Organic farming seems to be the ultimate savior of the environment. But can it feed 10 billion people by 2050?
In countries like Germany, many farmers see the organic method as the ultimate solution to the climate and population crisis. But if organic produce makes up only one percent of the world’s agricultural land, how can this amount of organic produce meet the needs of the world’s population?
Supporters and opponents of organic farming
Proponents of organic farming believe that this practice is not far off, but that there is still a need to change the entire global food system. The first move, they say, is to improve resource utilization and reduce waste.
Opponents, however, argue that a completely organic farming system can affect the environment even more than conventional farming.
Better use of resources
According to Andreas Gottingen, Professor of Organic Agriculture and Sustainable Land Use at the Jaste Liebig University in Giessen, Germany, the global average yield between organic and conventional agriculture is approximately 25%. Since organicfarming is highly dependent on changes in various natural factors, crop production is usually lower.
Jose Miguel Mult, a researcher at the Institute for Plant and Cellular Molecular Biology (IBCMP) in Valencia, Spain, is skeptical about further development of certified organic farming.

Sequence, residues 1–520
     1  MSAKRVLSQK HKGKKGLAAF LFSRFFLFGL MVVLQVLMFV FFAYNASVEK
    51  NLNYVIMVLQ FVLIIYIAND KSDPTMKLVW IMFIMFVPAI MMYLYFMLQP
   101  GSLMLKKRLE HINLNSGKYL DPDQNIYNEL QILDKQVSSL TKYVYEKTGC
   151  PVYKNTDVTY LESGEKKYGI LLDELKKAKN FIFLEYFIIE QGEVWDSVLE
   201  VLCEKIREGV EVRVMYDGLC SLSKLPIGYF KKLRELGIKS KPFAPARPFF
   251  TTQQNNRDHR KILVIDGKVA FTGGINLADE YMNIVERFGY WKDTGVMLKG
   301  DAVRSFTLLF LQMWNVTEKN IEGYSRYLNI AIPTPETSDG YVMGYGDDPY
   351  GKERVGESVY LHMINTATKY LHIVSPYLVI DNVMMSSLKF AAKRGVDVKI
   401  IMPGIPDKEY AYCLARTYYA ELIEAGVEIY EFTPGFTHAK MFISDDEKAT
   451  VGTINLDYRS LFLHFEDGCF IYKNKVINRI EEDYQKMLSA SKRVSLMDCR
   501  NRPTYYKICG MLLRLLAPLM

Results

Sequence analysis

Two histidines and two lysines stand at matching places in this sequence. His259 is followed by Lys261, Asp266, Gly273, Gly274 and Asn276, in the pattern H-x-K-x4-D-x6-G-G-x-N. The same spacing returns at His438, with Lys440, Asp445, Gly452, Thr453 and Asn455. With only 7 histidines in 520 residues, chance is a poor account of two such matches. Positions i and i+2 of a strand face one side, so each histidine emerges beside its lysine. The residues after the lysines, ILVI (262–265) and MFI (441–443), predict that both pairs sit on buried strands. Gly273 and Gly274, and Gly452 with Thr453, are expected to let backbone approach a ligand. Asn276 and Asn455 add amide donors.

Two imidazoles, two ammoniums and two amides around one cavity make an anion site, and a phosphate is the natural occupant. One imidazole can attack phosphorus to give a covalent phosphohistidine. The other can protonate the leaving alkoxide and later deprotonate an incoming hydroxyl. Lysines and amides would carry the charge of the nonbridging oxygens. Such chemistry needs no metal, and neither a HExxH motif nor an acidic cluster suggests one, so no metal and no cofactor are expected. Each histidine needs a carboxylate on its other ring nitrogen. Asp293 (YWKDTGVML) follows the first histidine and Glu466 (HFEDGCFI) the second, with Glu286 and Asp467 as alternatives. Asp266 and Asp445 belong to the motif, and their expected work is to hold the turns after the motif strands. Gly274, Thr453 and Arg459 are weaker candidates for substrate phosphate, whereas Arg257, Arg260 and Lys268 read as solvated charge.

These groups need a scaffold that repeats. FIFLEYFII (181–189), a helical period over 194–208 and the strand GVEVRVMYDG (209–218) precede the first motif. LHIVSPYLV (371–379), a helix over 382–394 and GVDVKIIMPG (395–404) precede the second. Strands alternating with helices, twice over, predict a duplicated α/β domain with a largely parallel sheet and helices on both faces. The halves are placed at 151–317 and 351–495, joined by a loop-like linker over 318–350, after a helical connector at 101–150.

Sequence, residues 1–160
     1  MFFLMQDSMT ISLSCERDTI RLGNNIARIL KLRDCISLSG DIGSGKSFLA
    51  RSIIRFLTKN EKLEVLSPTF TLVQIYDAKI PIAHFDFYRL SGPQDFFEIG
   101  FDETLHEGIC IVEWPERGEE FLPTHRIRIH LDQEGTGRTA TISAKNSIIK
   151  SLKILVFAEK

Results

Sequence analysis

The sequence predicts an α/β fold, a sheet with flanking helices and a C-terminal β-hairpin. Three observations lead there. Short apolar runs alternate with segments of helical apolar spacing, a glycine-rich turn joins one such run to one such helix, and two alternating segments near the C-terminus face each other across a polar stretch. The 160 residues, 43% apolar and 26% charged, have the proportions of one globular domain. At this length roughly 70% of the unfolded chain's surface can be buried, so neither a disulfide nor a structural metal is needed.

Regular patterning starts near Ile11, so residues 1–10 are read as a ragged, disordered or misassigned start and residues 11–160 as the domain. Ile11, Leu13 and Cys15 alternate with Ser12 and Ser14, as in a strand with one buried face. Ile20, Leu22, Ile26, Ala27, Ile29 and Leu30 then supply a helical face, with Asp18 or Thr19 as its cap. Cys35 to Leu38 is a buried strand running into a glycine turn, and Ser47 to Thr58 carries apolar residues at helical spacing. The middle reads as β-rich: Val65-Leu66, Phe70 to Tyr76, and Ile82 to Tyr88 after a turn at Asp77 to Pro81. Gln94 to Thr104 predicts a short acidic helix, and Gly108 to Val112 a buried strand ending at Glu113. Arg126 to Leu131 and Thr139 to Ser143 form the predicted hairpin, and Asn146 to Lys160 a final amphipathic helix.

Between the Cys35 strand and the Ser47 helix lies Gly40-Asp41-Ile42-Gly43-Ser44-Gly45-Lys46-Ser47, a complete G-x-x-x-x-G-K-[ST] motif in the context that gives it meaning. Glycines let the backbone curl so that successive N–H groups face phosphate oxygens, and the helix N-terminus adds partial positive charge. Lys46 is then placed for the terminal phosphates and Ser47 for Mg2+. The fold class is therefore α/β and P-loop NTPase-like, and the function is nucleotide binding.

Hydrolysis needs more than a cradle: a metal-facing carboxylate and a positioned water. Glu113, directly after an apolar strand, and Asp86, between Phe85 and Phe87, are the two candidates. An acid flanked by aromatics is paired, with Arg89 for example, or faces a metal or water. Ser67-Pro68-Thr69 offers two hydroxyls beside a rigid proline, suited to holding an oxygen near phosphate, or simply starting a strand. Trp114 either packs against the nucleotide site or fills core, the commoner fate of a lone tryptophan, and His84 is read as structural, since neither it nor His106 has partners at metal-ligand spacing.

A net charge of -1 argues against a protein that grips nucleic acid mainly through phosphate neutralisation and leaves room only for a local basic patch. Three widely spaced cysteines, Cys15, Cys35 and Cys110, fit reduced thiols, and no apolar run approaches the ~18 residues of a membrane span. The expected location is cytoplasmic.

“If we want to use the world’s natural resources, we should a way to reduce food waste or use natural resources as pesticides,” Gottingen said. “It’s a place for artificial products.”
He talks about how a piece of land is used for agriculture, as well as for wildlife conservation and climate regulation. explained. For example, he points out that organic farming can provide food and increase soil fertility, increase biodiversity, and enhance groundwater levels and natural resilience.
However, synthetic pesticides are not used in organicfarming – as one of the main motivations for consuming such products. However, Mullet points out that many natural products used for organic products are harmful to the environment.
“Such products create a big paradox. For example, copper is very polluting and does not decompose,” he said.
In fact, Gottingen argues about toxic natural substances such as copper that copper is only used when there is evidence of a strong pest or disease. He said the organic farming is important to the ecosystem and it can provide our needs.
“Organic farming increases biodiversity and leads to increased capacity to adapt to severe weather events such as heavy rains,” Gottingen added.
In addition, organic farming promotes food safety because it reduces the contamination of synthetic pesticides, which severely affects smallholder farmers, women and children. However, when organic agricultural products enter the industrial food system, al-Khoury believes that they lose their benefits.
If an agricultural method is not currently able to feed the world, we must find a way that at least includes activities that do less harm to the environment.